Wednesday, February 22, 2012


Trying to find the seedings and results from the postseason conference basketball tournaments is like trying to hack through an Amazon jungle.  No wonder they call them websites.
Therefore, I have spent the morning making progress methodically but successfully, turning over every stone, dodging the obnoxious pop-up ads that pay the salaries of a lot of good people and sifting through articles.
Here is what I found. I’m missing the Hyde-Morgan score. If anybody has it, send it to my email:  If I’ve made any mistakes, I’m sorry.  Please correct me.

1.      Capital Prep
2.      Platt Tech
3.      Cheney Tech
4.      Wilcox Tech
5.      Putnam
6.      Kaynor Tech
7.      Parish Hill
8.      Windham Tech

Capital Prep 63, Windham Tech 25
Cheney Tech 42, Kaynor Tech 38
Parish Hill 40, Platt Tech 31
Putnam 46, Wilcox Tech 39

Capital Prep 55, Putnam 18
Parish Hill 30, Cheney Tech 29

Capital Prep 76, Parish Hill 34

1.      E.O. Smith
2.      Weaver
3.      Tolland
4.      Weaver
5.      Berlin
6.      East Catholic
7.      RHAM
8.      Northwest Catholic
9.      Hall
10.  Glastonbury
11.  Bloomfield
12.  South Windsor
13.  Farmington
14.  Bristol Eastern
15.  Plainville
16.  Windsor

First Round
Northwest Catholic 41, Hall 37 OT
E.O. Smith 64, Windsor 29
Weaver 46, Plainville 25
East Catholic 68, Bloomfield 43
Berlin 42, South Windsor 22
Manchester 58, Farmington 29
Tolland 69, Bristol Eastern 36
Glastonbury 63, RHAM 38

E.O. Smith 64, Northwest Catholic 42
Glastonbury 52, Weaver 38
Tolland 59, East Catholic 39
Manchester 62, Berlin 42

Manchester 61, E.O. Smith 50

Glastonbury 53, Tolland 51

Glastonbury 58, Manchester 52

Avon 49, SMSA 46
Ellington 56, Coventry 28
Granby 62, Bolton 45
Suffield 41, Windsor Locks 40

Suffield 59, Granby 49
Ellington 59, Avon 42

Granby 37, Avon 26

Ellington 48, Suffield 45

1.      Coginchaug
2.      Cromwell
3.      Portland
4.      Morgan
5.      Hyde
6.      Old Saybrook
7.      Haddam-Killingworth
8.      Hale-Ray

Coginchaug 67, Hale-Ray 38
Cromwell 60, H-K 34
Old Saybrook 44, Portland 33
Hyde over Morgan

Coginchaug 56, Hyde 31
Cromwell 58, Old Saybrook 37

Cromwell 59, Coginchaug 56

1.      Plainfield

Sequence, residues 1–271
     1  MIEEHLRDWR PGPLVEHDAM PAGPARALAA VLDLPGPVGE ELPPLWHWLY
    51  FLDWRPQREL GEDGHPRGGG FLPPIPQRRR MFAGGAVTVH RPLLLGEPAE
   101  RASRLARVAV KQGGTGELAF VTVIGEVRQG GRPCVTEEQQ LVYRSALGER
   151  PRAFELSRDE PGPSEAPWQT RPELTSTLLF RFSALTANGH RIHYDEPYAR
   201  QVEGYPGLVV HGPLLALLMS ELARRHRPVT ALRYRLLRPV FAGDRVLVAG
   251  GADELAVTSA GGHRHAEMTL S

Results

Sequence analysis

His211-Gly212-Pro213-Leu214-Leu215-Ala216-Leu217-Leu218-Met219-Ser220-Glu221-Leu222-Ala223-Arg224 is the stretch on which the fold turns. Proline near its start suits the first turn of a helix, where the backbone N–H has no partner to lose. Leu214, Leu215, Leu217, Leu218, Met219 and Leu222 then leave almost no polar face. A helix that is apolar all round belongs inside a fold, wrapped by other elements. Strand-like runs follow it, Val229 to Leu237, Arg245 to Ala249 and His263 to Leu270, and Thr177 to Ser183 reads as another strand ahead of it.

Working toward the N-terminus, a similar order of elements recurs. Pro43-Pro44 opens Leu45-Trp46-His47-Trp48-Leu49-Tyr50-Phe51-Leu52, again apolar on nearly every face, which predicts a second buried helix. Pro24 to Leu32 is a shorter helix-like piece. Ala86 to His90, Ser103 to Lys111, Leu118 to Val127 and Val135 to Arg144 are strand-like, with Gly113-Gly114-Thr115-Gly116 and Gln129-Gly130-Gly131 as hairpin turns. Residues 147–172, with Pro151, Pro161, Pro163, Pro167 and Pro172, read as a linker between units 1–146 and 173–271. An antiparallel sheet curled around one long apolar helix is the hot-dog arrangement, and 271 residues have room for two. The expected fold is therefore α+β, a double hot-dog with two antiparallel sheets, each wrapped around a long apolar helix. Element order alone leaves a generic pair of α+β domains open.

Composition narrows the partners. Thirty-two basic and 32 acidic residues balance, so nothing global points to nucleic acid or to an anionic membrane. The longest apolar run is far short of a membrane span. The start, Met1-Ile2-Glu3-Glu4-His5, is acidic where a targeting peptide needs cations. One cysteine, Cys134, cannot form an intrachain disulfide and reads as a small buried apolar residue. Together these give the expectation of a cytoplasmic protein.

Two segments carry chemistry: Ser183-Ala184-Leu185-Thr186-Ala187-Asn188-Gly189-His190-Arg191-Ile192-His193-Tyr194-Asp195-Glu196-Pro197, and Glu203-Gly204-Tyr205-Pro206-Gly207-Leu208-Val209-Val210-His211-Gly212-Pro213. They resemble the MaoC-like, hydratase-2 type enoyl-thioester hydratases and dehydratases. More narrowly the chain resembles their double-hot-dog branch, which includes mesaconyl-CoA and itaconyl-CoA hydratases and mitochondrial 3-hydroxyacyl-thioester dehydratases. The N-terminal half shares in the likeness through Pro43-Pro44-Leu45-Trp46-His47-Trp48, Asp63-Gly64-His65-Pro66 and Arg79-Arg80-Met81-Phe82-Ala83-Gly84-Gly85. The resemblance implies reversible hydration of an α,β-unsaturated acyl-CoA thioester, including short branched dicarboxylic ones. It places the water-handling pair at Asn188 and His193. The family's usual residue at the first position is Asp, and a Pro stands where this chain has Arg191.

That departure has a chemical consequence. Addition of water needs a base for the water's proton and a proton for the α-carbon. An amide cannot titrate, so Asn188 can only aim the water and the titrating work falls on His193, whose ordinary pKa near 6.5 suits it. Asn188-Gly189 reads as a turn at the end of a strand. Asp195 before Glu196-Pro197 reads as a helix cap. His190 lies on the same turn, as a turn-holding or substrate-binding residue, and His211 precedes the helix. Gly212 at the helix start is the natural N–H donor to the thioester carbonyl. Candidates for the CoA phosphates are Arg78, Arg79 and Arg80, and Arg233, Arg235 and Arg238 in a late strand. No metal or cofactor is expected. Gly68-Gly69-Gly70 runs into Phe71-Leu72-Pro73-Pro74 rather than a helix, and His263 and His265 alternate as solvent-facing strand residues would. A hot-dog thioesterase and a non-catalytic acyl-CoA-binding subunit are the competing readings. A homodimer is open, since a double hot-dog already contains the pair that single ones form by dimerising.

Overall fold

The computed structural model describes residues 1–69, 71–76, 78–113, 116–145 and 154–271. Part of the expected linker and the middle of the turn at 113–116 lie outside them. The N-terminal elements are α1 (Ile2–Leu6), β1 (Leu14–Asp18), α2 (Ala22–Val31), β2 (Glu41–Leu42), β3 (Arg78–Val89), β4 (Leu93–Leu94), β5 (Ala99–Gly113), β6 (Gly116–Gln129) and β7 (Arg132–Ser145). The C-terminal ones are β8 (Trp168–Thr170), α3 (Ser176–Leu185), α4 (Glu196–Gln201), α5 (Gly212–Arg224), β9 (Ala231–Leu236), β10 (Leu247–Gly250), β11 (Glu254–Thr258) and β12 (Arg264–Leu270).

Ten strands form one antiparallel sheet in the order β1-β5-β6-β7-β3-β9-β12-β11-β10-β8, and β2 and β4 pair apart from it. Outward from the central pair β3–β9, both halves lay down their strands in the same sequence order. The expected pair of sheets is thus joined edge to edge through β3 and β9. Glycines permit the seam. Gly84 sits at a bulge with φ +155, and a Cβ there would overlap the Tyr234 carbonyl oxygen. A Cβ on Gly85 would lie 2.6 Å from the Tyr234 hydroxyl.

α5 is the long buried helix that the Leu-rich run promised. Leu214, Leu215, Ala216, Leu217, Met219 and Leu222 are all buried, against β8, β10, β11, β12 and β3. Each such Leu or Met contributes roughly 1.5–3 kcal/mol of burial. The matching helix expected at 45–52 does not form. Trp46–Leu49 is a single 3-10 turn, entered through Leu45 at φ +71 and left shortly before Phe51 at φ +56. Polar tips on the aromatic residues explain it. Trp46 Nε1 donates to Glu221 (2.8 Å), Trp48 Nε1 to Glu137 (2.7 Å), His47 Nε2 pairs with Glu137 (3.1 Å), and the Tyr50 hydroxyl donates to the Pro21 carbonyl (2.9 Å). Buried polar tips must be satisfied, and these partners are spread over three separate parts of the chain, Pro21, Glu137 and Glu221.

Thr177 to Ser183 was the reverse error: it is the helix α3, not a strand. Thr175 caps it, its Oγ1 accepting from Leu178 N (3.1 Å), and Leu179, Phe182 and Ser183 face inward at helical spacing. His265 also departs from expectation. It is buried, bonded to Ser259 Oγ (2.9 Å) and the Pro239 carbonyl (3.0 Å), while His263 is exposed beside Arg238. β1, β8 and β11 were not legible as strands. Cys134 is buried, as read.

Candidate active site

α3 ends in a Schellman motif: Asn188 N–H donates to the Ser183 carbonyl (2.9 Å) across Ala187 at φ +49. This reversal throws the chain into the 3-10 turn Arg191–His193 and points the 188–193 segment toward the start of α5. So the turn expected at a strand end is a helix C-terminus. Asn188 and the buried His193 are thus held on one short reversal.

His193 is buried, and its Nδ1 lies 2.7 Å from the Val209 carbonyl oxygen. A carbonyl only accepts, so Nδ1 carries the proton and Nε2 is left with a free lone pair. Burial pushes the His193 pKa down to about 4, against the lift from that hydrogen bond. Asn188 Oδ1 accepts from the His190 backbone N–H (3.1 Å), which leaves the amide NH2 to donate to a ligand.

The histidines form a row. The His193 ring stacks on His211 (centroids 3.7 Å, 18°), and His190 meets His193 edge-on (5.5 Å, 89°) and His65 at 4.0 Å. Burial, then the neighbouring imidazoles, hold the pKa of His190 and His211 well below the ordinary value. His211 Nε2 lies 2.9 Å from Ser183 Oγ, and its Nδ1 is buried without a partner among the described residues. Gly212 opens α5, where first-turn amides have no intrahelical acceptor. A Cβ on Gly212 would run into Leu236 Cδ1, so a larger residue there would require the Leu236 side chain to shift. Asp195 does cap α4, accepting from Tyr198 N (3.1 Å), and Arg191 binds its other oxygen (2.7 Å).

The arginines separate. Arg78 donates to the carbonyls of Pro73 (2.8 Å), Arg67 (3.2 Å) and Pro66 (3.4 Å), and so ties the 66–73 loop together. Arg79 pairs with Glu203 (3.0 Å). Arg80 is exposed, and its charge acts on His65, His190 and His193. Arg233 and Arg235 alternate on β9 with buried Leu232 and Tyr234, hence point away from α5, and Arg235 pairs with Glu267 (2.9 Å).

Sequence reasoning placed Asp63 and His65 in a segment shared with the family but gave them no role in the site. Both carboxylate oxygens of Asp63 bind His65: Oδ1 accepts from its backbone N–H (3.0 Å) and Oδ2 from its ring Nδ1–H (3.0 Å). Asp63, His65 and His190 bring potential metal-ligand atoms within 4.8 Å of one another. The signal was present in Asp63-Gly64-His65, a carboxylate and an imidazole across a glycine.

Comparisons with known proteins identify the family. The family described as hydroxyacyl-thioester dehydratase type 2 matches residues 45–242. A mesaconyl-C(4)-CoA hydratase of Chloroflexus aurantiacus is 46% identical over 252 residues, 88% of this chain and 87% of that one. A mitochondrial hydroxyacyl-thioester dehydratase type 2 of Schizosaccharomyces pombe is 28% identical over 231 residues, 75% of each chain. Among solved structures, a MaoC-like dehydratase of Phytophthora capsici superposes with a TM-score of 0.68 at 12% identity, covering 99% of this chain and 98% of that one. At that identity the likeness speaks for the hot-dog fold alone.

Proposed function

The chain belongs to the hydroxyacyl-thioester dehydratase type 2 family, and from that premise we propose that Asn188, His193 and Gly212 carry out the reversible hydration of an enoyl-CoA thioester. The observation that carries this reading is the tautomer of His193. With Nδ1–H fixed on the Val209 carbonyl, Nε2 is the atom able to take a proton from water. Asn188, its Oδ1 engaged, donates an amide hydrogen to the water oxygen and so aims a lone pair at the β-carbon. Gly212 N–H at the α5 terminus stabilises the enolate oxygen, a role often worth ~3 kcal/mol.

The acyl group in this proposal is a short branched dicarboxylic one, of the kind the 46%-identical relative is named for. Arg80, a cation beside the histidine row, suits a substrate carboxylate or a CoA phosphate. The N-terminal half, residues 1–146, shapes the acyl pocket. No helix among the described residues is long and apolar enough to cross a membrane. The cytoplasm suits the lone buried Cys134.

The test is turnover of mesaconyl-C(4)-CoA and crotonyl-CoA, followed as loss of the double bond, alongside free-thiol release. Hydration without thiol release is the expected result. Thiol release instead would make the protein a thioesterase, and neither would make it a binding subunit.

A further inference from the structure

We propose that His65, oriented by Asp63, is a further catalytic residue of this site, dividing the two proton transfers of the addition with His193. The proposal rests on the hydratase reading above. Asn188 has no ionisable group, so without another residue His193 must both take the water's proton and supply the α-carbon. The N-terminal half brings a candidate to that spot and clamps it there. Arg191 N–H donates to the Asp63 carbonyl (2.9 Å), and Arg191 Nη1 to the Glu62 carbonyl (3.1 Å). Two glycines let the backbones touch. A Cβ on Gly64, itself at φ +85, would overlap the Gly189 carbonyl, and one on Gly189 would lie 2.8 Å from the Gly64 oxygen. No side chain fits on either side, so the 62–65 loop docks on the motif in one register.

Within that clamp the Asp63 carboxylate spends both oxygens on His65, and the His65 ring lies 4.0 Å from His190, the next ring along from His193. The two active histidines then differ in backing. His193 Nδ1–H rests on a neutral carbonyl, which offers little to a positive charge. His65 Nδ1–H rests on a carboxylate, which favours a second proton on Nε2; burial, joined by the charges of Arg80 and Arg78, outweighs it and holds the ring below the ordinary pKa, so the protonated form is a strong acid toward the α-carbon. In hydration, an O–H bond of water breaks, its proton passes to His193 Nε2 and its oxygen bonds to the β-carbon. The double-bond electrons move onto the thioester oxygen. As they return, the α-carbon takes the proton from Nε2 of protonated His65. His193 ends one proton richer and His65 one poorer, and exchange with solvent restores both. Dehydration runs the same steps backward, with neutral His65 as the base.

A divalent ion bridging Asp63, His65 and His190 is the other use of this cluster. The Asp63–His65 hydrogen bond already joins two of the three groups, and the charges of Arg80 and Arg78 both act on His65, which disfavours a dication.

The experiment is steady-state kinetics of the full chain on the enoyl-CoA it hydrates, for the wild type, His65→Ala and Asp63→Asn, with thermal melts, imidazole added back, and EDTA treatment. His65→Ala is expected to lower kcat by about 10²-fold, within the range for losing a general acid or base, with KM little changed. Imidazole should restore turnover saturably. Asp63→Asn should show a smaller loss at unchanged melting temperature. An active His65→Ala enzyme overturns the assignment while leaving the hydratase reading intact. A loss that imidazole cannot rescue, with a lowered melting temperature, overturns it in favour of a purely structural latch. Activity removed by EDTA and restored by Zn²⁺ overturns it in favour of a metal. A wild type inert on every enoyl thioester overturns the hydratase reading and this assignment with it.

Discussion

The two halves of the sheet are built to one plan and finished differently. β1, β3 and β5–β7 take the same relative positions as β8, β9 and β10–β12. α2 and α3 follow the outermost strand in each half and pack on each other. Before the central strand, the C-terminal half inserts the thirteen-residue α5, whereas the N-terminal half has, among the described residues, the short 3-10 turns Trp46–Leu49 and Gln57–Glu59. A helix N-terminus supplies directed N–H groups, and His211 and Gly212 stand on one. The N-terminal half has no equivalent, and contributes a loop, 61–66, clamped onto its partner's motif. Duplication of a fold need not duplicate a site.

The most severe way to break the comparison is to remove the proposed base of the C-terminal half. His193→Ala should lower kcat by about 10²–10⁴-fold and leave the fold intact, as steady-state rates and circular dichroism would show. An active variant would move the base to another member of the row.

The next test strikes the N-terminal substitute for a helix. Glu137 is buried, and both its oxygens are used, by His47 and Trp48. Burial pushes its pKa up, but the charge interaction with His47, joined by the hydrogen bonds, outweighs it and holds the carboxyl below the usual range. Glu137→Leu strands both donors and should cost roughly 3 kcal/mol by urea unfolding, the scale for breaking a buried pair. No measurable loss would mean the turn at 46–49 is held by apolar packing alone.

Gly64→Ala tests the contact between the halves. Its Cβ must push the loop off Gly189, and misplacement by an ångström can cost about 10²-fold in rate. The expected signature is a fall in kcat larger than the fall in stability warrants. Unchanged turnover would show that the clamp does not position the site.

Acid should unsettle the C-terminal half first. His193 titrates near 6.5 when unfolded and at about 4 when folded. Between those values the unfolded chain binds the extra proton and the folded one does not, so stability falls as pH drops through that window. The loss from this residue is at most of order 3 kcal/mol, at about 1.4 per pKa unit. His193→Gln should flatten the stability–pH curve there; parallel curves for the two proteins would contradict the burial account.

2.      Waterford
3.      Bacon Academy
4.      Montville
5.      NFA
6.      East Lyme
7.      Ledyard
8.      St. Bernard
9.      Lyman Memorial
10.  Stonington

Play-In Round
St. Bernard 53, Lyman Memorial 45
Ledyard 48, Stonington 41

NFA 43, Montville 21
Plainfield 47, St. Bernard 44
East Lyme 45, Bacon 43
Waterford 50, Ledyard 45

Waterford 57, East Lyme 51
NFA 68, Plainfield 59

NFA 39, Waterford 36

1.      Danbury
2.      St. Joseph
3.      Trumbull
4.      Wilton
5.      Norwalk
6.      Trinity Catholic
7.      Stamford
8.      Darien

Wilton 49, Norwalk 47
Danbury 63, Darien 40
Trumbull 52, Trinity 46
Stamford 44, St. Joseph 25

Trumbull 40, Stamford 33
Danbury 51, Wilton 38

Danbury 54, Trumbull 39

1.      Holy Cross
2.      Torrington
3.      Watertown
4.      Ansonia
5.      Wolcott
6.      Naugatuck
7.      Sacred Heart
8.      Seymour

Torrington 54, Sacred Heart 41
Naugatuck 53, Watertown 51 OT
Ansonia 55, Wolcott 43
Holy Cross 62, Seymour 38

Torrington 42, Naugatuck 41
Holy Cross 72, Ansonia 50

Holy Cross 57, Torrington 54

1.      Thomaston
2.      Nonnewaug
3.      Wamogo
4.      Northwestern Regional
5.      Shepaug
6.      Lewis Mills

First Round
Wamogo 49, Lewis Mills 46
Northwestern 34, Shepaug 32

Wamogo 47, Nonnewaug 40
Thomaston 49, Northwestern 40

Thomaston 49, Wamogo 41

1.      Career
2.      Hillhouse
3.      Mercy
4.      West Haven
5.      Cheshire
6.      Daniel Hand
7.      Sacred Heart Academy
8.      Sheehan
9.      Jonathan Law
10.  Amity
11.  East Haven
12.  Hamden
13.  Foran

First Round
Sacred Heart Academy 62, Amity 41
Foran 66, West Haven 59
Cheshire 57, Hamden 55
East Haven 49, hand 48
Jonathan Law 56, Sheehan 45

Career 54, Law 41
Cheshire 40, Foran 32
Hillhouse 74, Sacred Heart Academy 34
Mercy 52, East Haven 34

Hillhouse 65, Mercy 61
Career 63, Cheshire 51

Career 63, Hillhouse 61

1.      Lauralton Hall
2.      Pomperaug
3.      Newtown
4.      Notre Dame-Fairfield
5.      Masuk
6.      Joel Barlow
7.      Kolbe Cathedral
8.      Bunnell

Masuk 37, ND-Fairfield 35
Lauralton Hall 73, Bunnell 47
Pomperaug 63, Kolbe 39
Barlow 58, Newtown 54

Lauralton Hall 55, Masuk 44
Pomperaug 65, Barlow 44

Lauralton Hall 59, Pomperaug 54

Tuesday, February 21, 2012


A baseball player died before his time on Jan. 16.
They called Gary Carter “The Kid” because he played a child’s game with the pure, untainted vigor that generally fades when the complexities of maturity and the allure of financial gain set in.
Carter was afflicted with inoperable brain cancer. He was a Hall-of-Fame player, an exceptional teammate, and from all reports, a model husband and loving father. He was 57.
Why? How? Are there answers to those questions?

A childhood friend died before his time on Jan. 16.
Cliff Zolot was 54. We grew up one house away from each other and as our teenaged years and early 20s melted away shared a love for sports and music.
We went to Mets games together long before Carter arrived to watch our beloved Cincinnati Reds when they came to Shea. We bent the rabbit ears of his TV antenna in every which way, peering between black-and-white snowflakes, tuning in through static-filled interference, as a young pitcher named Nolan Ryan was striking out hitter after hitter.